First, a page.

Now it is possible to browse by visiting http://localhost:9001 in the web browser at ‘work’ computer. The ‘home’ computer will act as a gateway which would accept requests from ‘work’ machine and fetch data and tunnelling it back. So the syntax of the full command would be as follows.
ssh -L <local-port-to-listen>:<remote-host>:<remote-port> <gateway>
The image below describes the scenario.


Here the ‘host’ to ‘’ connection is only made when browser makes the request not at the tunnel setup time. It is also possible to specify a port in the ‘home’ computer itself instead of connecting to an external host. This is useful if I were to set up a VNC session between ‘work’ and ‘home’. Then the command line would be as follows.
ssh -L 5900:localhost:5900 home (Executed from 'work')

So here what does localhost refer to? Is it the ‘work’ since the command line is executed from ‘work’? Turns out that it is not. As explained earlier is relative not the machine from where the tunnel is initiated. So this will make a connection to port 5900 of the ‘home’ computer where the VNC client would be listening in.

The created tunnel can be used to transfer all kinds of data not limited to web browsing sessions. We can also tunnel SSH sessions from this as well. Let’s assume there is another computer (‘banned’) to which we need to SSH from work but the SSH access is being blocked. It is possible to tunnel a SSH session to this host using a local port forward. The setup would look like this.

As can be seen now the transferred data between ‘work’ and ‘banned’ are encrypted end to end. For this we need to create a local port forward as follows.
ssh -L 9001:banned:22 home

Now we need to create a SSH session to local port 9001 from where the session will get tunneled to ‘banned’ via ‘home’ computer.

ssh -p 9001 localhost

With that let’s move on to next type of SSH tunnelling method, reverse tunnelling.

Reverse Tunnelling with remote port forwarding

Let’s say it is required to connect to an internal work website from home.
The work firewall is blocking all incoming traffic. How can we connect from ‘home’ to internal network so that we can browse the internal site? A VPN setup is a good candidate here. However for this example let’s assume we don’t have this facility. Enter SSH reverse tunnelling..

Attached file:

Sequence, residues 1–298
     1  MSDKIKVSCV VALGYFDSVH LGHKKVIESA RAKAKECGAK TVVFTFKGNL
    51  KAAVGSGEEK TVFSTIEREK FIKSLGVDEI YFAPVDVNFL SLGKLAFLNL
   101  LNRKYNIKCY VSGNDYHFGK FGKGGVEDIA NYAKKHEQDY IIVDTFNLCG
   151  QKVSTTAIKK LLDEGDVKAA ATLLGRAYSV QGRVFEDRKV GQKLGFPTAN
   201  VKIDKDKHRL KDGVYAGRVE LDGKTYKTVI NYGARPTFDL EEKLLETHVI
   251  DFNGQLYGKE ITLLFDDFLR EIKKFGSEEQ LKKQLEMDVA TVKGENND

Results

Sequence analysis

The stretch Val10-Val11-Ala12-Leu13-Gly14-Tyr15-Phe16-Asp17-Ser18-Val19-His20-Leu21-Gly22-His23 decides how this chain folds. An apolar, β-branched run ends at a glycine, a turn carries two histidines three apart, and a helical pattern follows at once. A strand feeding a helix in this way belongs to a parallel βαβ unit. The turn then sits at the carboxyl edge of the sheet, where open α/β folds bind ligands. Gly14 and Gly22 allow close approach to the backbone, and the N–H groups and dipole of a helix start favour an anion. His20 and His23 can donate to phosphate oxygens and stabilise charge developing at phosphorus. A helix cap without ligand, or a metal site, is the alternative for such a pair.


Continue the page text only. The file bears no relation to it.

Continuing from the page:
As in the earlier case we will initiate the tunnel from ‘work’ computer behind the firewall. This is possible since only incoming traffic is blocked and outgoing traffic is allowed. However instead of the earlier case the client will now be at the ‘home’ computer. Instead of -L option we now define -R which specifies a reverse tunnel need to be created.
ssh -R home (Executed from 'work')

Once executed the SSH client at ‘work’ will connect to SSH server running at home creating a SSH channel. Then the server will bind port 9001 on ‘home’ machine to listen for incoming requests which would subsequently be routed through the created SSH channel between ‘home’ and ‘work’. Now it’s possible to browse the internal site by visiting http://localhost:9001 in ‘home’ web browser. The ‘work’ will then create a connection to intra-site and relay back the response to ‘home’ via the created SSH channel.

As nice all of these would be still you need to create another tunnel if you need to connect to another site in both cases. Wouldn’t it be nice if it is possible to proxy traffic to any site using the SSH channel created? That’s what dynamic port forwarding is all about.

Dynamic Port Forwarding

Dynamic port forwarding allows to configure one local port for tunnelling data to all remote destinations. However to utilize this the client application connecting to local port should send their traffic using the SOCKS protocol. At the client side of the tunnel a SOCKS proxy would be created and the application (eg. browser) uses the SOCKS protocol to specify where the traffic should be sent when it leaves the other end of the ssh tunnel.
ssh -D 9001 home (Executed from 'work')

Here SSH will create a SOCKS proxy listening in for connections at local port  9001 and upon receiving a request would route the traffic via SSH channel created between ‘work’ and ‘home’. For this it is required to configure the browser to point to the SOCKS proxy at port 9001 at localhost.


To setup Firefox to use this tunnel to navigate the internet, we go to Edit>Preferences>Advance in the Network tab, we click on the ‘Settings…’ button. There we select “Manual Proxy Configuration” and leave everything blank, except for the field “SOCKS Host”, where we write down the ‘’ and the port ‘9001’, that is the configuration of our tunnel. We select the SOCKS5 option and save our configuration.


As it stands, we now can use Firefox to navigate the web and our traffic will be forwarded through our tunnel, we can check that we are truly making use of our server, navigating a couple of pages and then kill our tunnel,  with will result in broken browser connection With the current settings, even though our traffic is encrypted, our DNS request are still not being sent through our tunnel, to change this in firefox, we write in the address bar about:config, look for the key network.proxy.socks_remote_dns and change it to true.

Our SSH Tunnel, can be use with any program that can use a SOCKS proxy, such as Skype, messengers, etc.

Another Interesting application would be using someting like SSHTunnel which will tunnel your phone browser while you are using are untrusted wireless network


At the end I’ll leave you with a command to test and figure out for yourself

  • ssh -c arcfour,blowfish-cbc -YCv user@host

Don’t forget to check man ssh